Three Leg Bones The femur, the tibia, and the fibula

Editor's Note: When you see these three dots surrounded by a gray rectangle — 1 — you can click on it to get further information about the topic. Click a second time, and the message goes away.

This article was edited and updated on March 22, 2018.

The Femur

Located in the upper leg, the thigh bone is known as the femur; it is the bone closest to the center of the body. It allows us to walk, run, and jump.

The head of the femur rests inside the acetabulum in the pelvic bone; together, they form the hip joint. The distal end of the femur joins with the tibia and the patella to form the knee joint.

The femur, or thigh bone, is the longest, heaviest, and strongest bone in the body. It supports the entire body's weight during most activities; the muscles of the hip and thigh are exceptionally strong as they must move the leg. Structurally, the femur is classified as a long bone.

For more information about the hip joint, see The Hip Joint. For more information about the knee joint, see The Knee Joint.

The Tibia and the Fibula

The tibia — often referred to as the shinbone — is next to the fibula on the medial side of the leg, closer to the centre-line; however, it is larger and stronger than the fibula, and it connects the knee to the ankle bones. 2

The fibula — or calf bone — is connected above and below the tibia. It is the smaller bone of the two and the slenderest of all long bones. Its upper extremity is small, and is placed below the level of the knee joint which excludes it from that joint. At the lower extremity, it projects below the tibia and forms part of the ankle joint.

Why and how do we keep our bones strong?

Our bones have many tasks. They:

If not taken care of, bones can become weak and break. Broken bones are painful and surgery is sometimes needed. Once broken, there can be long-lasting health problems.

There are things you can do to keep your bones healthy and strong:

How do we exercise our bones?

Bone is living tissue; it responds to exercise by becoming stronger. Research indicates that when young people exercise regularly, they achieve greater peak bone mass than those who do not.

Bone mass peaks for everyone sometime during the third decade of our life; after that, we begin to lose bone. Exercising allows us to maintain muscle strength, coordination, and balance — and those things help us to prevent falls and fractures.

See also: Exercise and Osteoporosis

Because you are working against gravity, weight-bearing exercises provide the most bang for your buck. Some examples are: weight training, power walking, hiking, climbing stairs, tennis, dancing, and jogging.

One of THE most important, yet simple, exercises to do for bone strength is the squat. A deadlift squat involves placing weights in both hands with arms fully extended down. The weights and arms remain in that position while you do as many squats as you wish. You can also do squats without the weights. You can also limit the depth of your squat from 1/4 to 1/2 to full.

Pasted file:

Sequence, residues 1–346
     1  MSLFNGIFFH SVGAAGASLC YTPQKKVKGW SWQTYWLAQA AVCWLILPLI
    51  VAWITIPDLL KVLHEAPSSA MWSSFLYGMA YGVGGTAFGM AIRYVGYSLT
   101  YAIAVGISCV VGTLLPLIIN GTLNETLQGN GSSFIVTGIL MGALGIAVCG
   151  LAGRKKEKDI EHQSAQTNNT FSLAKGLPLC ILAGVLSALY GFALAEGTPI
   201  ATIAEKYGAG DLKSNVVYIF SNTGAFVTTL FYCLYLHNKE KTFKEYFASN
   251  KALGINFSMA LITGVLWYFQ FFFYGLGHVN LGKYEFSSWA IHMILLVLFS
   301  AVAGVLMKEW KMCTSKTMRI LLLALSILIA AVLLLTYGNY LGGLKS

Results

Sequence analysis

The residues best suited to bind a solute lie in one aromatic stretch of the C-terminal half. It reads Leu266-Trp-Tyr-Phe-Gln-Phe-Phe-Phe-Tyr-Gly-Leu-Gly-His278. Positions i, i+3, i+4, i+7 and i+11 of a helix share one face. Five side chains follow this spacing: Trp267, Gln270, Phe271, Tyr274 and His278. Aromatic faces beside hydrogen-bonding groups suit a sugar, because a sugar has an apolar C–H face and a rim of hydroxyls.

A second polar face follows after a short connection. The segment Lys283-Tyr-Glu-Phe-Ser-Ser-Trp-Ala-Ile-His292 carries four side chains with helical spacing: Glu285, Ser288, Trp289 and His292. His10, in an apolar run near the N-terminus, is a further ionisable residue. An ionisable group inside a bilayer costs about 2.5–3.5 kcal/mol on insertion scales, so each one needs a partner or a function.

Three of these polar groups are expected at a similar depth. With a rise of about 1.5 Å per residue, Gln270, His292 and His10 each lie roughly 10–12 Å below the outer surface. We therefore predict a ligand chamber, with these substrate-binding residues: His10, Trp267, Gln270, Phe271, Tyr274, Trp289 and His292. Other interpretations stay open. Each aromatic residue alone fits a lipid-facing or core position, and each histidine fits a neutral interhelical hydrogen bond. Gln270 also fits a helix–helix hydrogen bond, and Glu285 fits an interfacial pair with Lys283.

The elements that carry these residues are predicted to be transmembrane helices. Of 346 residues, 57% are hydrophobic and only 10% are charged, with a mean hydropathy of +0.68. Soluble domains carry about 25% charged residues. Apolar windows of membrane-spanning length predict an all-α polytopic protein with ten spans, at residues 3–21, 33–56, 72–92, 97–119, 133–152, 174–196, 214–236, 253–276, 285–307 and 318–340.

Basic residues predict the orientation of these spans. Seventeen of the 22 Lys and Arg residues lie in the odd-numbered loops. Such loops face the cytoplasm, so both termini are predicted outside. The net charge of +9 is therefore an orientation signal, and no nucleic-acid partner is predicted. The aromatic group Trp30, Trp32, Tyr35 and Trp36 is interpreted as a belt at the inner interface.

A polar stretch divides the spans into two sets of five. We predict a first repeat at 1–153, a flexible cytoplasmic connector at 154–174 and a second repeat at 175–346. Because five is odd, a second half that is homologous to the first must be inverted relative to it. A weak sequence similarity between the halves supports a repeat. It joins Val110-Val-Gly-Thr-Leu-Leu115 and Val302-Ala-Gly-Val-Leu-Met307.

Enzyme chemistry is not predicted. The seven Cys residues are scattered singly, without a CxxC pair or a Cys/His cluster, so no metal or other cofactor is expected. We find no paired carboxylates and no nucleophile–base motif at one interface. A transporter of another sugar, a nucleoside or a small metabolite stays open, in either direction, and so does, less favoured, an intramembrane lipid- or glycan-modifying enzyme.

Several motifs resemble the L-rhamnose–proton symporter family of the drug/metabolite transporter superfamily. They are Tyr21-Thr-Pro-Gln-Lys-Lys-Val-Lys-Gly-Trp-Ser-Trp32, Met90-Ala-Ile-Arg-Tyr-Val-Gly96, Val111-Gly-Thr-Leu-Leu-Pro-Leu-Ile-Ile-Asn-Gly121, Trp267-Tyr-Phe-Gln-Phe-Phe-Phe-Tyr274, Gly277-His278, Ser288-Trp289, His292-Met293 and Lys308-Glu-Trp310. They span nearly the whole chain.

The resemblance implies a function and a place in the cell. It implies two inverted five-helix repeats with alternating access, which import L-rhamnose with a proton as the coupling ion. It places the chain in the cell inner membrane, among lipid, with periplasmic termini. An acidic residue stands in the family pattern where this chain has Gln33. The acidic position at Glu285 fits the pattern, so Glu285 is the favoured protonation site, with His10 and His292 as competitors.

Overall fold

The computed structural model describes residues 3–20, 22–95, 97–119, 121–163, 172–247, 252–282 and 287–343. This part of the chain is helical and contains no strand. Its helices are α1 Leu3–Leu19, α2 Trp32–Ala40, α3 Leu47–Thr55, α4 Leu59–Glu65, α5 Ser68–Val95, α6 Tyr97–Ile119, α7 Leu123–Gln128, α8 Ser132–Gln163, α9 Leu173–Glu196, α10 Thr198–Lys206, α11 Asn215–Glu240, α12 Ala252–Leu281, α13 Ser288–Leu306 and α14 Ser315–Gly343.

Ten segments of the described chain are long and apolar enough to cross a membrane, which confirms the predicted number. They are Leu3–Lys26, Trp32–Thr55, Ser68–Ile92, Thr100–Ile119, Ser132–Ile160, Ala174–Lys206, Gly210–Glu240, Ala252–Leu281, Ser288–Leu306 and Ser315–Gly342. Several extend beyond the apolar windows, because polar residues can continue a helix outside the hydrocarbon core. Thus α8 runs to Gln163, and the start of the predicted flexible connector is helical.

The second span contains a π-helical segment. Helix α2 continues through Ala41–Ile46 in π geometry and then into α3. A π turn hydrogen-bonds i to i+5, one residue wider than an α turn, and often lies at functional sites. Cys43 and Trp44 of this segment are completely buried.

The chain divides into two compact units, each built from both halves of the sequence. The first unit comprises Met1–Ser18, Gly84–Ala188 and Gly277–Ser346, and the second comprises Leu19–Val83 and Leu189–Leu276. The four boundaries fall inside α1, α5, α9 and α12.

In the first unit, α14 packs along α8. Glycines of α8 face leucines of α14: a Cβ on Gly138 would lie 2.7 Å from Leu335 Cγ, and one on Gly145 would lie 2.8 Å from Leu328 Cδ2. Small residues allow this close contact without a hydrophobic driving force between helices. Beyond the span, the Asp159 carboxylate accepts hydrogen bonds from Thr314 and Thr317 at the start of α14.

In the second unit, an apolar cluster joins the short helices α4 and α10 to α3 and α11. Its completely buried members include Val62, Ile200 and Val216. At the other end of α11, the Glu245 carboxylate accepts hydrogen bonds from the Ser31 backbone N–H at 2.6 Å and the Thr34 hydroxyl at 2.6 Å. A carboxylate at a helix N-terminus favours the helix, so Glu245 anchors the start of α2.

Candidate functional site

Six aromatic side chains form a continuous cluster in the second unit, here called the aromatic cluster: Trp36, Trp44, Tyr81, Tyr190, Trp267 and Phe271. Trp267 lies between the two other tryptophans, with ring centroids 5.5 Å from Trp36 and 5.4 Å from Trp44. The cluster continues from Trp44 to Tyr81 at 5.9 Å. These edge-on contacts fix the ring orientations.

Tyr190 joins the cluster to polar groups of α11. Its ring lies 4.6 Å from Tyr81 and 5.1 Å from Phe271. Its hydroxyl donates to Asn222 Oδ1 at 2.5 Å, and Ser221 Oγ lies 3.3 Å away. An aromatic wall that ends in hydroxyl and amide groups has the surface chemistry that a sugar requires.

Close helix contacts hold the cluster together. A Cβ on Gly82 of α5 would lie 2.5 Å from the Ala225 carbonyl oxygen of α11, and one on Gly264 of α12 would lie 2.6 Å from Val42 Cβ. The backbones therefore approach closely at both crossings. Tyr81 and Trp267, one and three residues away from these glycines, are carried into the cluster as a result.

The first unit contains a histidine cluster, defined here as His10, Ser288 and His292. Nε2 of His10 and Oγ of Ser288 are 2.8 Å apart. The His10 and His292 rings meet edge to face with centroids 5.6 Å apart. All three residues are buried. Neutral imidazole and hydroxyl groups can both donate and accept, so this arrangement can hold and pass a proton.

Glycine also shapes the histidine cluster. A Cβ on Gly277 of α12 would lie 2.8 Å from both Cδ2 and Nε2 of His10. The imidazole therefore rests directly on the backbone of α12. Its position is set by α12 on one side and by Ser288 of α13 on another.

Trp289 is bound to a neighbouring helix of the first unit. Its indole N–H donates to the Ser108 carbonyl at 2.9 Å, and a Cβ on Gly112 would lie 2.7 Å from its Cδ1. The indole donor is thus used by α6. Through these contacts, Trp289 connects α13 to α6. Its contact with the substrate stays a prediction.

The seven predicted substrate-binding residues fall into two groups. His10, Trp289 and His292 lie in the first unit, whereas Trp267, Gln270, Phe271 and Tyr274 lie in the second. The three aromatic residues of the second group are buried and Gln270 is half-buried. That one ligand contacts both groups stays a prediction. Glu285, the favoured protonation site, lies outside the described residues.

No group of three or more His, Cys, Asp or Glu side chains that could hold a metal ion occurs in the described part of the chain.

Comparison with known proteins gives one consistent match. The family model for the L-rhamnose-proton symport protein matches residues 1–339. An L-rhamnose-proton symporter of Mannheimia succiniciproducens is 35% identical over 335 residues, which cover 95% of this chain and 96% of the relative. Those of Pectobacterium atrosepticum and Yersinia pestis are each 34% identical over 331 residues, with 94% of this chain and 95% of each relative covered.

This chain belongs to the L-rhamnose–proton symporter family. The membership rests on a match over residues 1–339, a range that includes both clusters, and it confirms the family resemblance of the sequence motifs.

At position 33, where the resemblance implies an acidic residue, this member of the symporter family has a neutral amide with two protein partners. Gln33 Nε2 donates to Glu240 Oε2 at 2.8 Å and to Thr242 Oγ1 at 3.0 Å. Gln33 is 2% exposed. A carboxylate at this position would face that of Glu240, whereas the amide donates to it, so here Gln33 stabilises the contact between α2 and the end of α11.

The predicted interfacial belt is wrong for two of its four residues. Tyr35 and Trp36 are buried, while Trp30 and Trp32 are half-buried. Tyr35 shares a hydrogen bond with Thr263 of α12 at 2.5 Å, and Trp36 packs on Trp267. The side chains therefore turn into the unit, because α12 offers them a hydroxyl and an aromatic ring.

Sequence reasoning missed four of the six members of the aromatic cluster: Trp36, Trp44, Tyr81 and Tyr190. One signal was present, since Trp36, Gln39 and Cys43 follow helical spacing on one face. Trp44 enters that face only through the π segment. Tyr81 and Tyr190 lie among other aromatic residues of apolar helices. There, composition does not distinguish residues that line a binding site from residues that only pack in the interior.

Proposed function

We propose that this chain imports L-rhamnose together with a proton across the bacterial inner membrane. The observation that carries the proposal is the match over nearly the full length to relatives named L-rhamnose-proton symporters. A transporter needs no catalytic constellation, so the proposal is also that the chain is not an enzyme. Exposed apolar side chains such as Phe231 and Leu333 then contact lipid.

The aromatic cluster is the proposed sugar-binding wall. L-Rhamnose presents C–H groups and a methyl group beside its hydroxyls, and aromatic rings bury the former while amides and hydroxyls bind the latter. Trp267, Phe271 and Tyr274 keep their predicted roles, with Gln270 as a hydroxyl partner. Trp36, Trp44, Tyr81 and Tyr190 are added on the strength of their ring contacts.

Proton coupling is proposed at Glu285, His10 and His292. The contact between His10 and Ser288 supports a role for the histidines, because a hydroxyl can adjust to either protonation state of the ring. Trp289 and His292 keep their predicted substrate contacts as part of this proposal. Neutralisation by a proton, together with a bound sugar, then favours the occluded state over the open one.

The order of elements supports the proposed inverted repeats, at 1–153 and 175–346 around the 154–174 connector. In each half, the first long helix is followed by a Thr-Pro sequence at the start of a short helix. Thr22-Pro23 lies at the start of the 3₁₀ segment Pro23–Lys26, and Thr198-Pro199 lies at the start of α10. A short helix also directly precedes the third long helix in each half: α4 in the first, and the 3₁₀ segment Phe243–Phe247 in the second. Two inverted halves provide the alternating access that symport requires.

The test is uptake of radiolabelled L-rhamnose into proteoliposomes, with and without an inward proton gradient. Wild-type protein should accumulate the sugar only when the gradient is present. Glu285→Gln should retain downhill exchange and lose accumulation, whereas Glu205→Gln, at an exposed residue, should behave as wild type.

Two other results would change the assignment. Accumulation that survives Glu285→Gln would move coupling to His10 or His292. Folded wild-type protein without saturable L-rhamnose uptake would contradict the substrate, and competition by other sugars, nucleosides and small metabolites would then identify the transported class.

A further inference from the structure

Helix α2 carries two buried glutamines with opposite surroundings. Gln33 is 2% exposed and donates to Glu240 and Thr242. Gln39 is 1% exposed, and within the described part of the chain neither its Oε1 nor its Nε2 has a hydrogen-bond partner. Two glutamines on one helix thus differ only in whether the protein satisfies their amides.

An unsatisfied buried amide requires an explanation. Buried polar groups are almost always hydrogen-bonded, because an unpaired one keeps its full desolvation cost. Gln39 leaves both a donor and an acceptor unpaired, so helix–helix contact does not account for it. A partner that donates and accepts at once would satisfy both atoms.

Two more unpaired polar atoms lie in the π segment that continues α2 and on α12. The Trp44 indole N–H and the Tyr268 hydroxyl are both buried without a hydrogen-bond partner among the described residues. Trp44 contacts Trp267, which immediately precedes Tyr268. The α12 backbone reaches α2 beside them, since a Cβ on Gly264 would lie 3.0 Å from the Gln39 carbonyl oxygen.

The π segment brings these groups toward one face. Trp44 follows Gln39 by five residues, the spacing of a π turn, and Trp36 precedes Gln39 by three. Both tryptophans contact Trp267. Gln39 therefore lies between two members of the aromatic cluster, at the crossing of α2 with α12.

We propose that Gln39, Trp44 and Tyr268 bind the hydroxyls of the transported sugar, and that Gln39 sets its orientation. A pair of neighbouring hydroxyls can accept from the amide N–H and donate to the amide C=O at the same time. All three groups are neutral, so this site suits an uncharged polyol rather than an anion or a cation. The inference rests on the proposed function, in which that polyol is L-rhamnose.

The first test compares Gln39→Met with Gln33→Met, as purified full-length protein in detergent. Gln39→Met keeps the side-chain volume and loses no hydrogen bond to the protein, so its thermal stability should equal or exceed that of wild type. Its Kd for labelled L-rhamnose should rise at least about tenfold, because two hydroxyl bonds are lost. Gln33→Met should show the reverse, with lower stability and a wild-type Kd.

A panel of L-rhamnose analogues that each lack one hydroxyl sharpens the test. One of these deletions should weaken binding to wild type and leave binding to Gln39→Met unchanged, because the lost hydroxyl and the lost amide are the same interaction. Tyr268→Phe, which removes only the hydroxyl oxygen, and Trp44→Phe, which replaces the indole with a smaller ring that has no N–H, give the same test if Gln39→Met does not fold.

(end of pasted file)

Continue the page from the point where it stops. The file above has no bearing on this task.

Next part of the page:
Proof that bones can heal

In 1962, my husband joined the Navy. He was 19 years old and ready to live on his own. He became a corpsman and spent two years on a Naval Base in Japan. Just as his enlistment was nearly finished, the Vietnam War began heating up and more troops were ordered into Vietnam. As a corpsman, Bob was sent to Field Medical School for combat medical training and he was then a Marine. His unit landed in Vietnam in late January of 1966 and on March 5, 1966, he was shot in the leg.

On the left is the broken femur, taken days after Bob was shot. On the right is the healed femur, taken about nine months later.

The x-rays above, taken nine months apart, reveal how a bone can heal and grow back together. When a bone doesn't do any more weight-bearing, it loses calcium and fades away; that is what has happened to that small broken piece. 3 If you wish to read about Bob's complete war experience, you can see his webpage here: 37 Days in Vietnam — a Navy Corpsman with the U.S. Marines.

For more information related to the leg bones or other bones of the body, see also:

I am a BCRPA-certified fitness instructor in Vancouver, BC. I teach four classes at the West End Community Centre in Vancouver, BC, mostly designed for the older adult. The Inevitable Disclaimer: Everything published here expresses only my opinion, based on my training and research. What you do with the information is entirely your own responsibility. I am not liable for any injury you suffer that seems to be related to anything you read here. Always consult your doctor before beginning an exercise program. For other articles, return to the table of contents.

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  1. These three dots behave exactly like a footnote. Click on them and you will get more information about the topic. 

  2. The tibia is connected to the fibula by a special membrane which forms a joint that has little movement. 

  3. The small triangular object is a piece of shrapnel.